Company's fiscal fourth-quarter profits fell to $2.78 billion from $3.6 billion in the same period a year ago; currency exchange cited as part of the problem.
Could Oracle, though still very profitable, be reaching a tipping point in its near-40-year history, due to declining earnings? Some analysts and investors may be thinking along those lines following the company's Q4 2015 and end-of-fiscal-year earnings reports on June 17.
Overall, Oracle reported subpar earnings to close out its fiscal year, failing to reach Wall Street projections. The Redwood City, Calif.-based company reported fiscal fourth-quarter profits fell to $2.78 billion from $3.6 billion in the same period a year ago.
The company reported total quarterly revenue of $10.7 billion, which also missed analysts' projections.
For fiscal year 2015, total revenue was $38.2 billion, essentially unchanged from 2014. Software and cloud revenues totaled $29.5 billion, up 1 percent over the previous year. Cloud software-as-a-service and platform-as-a-service revenues came to $1.5 billion, up 32 percent, while cloud infrastructure-as-a-service revenues were $608 million, up 33 percent.
Total hardware system revenues were $5.2 billion, down 3 percent year over year.
In its press release, Oracle said some of its fiscal problems were "significantly impacted by the strengthening of the U.S. dollar compared to foreign currencies." In fact, the company said its total Q4 revenues, which were down about 5 percent, would have actually been up 3 percent increase if not for the stronger dollar.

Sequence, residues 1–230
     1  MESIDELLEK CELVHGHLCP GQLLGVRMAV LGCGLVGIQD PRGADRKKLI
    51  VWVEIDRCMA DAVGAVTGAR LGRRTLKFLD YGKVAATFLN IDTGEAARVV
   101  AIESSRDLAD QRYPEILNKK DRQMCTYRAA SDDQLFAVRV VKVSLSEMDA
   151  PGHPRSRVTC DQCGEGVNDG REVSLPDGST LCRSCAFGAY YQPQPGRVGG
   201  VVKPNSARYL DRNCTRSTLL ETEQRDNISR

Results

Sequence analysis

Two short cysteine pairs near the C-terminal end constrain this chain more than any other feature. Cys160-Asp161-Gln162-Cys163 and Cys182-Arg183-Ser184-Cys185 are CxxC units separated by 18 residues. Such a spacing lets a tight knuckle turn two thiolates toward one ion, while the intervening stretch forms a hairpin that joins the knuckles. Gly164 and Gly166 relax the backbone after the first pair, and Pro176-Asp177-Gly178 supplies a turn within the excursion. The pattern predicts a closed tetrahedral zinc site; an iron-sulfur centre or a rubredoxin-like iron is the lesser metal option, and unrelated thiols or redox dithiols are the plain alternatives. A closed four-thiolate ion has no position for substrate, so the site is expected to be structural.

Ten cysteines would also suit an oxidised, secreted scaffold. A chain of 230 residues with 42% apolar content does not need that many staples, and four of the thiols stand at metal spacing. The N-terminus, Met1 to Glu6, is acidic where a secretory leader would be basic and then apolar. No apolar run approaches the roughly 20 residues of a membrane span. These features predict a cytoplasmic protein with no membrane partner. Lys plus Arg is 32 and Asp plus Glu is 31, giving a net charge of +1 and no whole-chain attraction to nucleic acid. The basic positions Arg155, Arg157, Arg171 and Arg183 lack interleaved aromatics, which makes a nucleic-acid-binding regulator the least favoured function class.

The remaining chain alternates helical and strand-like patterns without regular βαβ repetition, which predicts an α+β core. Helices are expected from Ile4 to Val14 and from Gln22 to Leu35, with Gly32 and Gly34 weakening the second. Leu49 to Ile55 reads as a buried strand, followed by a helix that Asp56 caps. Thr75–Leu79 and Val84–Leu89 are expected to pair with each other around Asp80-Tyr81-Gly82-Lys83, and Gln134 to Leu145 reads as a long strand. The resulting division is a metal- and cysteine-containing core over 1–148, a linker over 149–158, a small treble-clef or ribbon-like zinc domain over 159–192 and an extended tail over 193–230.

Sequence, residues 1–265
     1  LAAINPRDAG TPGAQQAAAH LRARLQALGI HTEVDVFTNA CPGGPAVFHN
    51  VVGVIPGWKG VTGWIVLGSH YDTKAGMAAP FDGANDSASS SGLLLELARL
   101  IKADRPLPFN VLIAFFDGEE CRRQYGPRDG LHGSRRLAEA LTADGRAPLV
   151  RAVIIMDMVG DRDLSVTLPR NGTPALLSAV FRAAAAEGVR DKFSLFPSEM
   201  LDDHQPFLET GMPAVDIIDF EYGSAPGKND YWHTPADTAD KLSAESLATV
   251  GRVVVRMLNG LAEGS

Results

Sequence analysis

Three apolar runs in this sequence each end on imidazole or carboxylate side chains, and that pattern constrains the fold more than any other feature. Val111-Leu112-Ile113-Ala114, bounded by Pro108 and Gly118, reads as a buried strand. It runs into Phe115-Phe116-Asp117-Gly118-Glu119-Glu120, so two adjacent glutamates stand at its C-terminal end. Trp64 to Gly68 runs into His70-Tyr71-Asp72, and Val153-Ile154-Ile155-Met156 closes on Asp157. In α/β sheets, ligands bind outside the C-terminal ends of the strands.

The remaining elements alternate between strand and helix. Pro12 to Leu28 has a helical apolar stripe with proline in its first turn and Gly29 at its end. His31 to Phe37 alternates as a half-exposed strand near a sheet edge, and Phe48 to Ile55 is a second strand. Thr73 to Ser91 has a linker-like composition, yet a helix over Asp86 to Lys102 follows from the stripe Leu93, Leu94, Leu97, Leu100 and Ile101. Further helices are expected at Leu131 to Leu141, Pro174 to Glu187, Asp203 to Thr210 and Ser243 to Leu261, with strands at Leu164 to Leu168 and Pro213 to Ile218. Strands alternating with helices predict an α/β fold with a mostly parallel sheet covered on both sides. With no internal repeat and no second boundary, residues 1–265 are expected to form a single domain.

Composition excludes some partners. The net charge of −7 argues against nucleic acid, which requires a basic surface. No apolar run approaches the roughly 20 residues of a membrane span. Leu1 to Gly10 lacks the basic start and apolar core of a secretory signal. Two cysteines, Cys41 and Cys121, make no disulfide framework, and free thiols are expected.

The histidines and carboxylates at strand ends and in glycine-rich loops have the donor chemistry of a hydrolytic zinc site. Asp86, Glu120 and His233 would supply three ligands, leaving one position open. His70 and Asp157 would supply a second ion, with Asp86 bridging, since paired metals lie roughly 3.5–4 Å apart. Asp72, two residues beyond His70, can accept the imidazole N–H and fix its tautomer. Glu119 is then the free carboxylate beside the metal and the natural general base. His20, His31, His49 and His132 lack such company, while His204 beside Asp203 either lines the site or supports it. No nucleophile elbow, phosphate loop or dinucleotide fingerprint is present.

But analysts believe that the currency exchange problem wasn't the main one.
"This report speaks to the headwinds Oracle is seeing in the field as their legacy database business is seeing slowing growth," Daniel Ives, an analyst at FBR Capital Markets, told Reuters
. "While cloud has seen pockets of strength, overall, the excuses we see out of Oracle have continued to frustrate the Street."
Oracle is indeed gaining momentum in selling subscription-related infrastructure, middleware and applications. SaaS and PaaS saw 29 percent revenue growth to $416 million. However, the company recorded a 6 percent overall decrease in software -- on premises and cloud -- revenues.
"We sold an astonishing $426 million of new SaaS and PaaS annually recurring cloud subscription revenue in Q4," CEO Safra Catz said. "We expect our rapidly increasing cloud sales to quickly translate into significantly more revenue and profits."
Oracle is projecting a continued upswing in cloud-related products and services.
"We expect to book between $1.5 and $2.0 billion of new SaaS (software as a service) and PaaS (platform as a service) business this fiscal year," Chairman and CTO Larry Ellison said. "That means Oracle would sell more new SaaS and PaaS business than Salesforce.com plans to sell in their current fiscal year; the only remaining question is how much more."
Oracle was down 8 percent on June 18 at $41 a share, near a six-month low.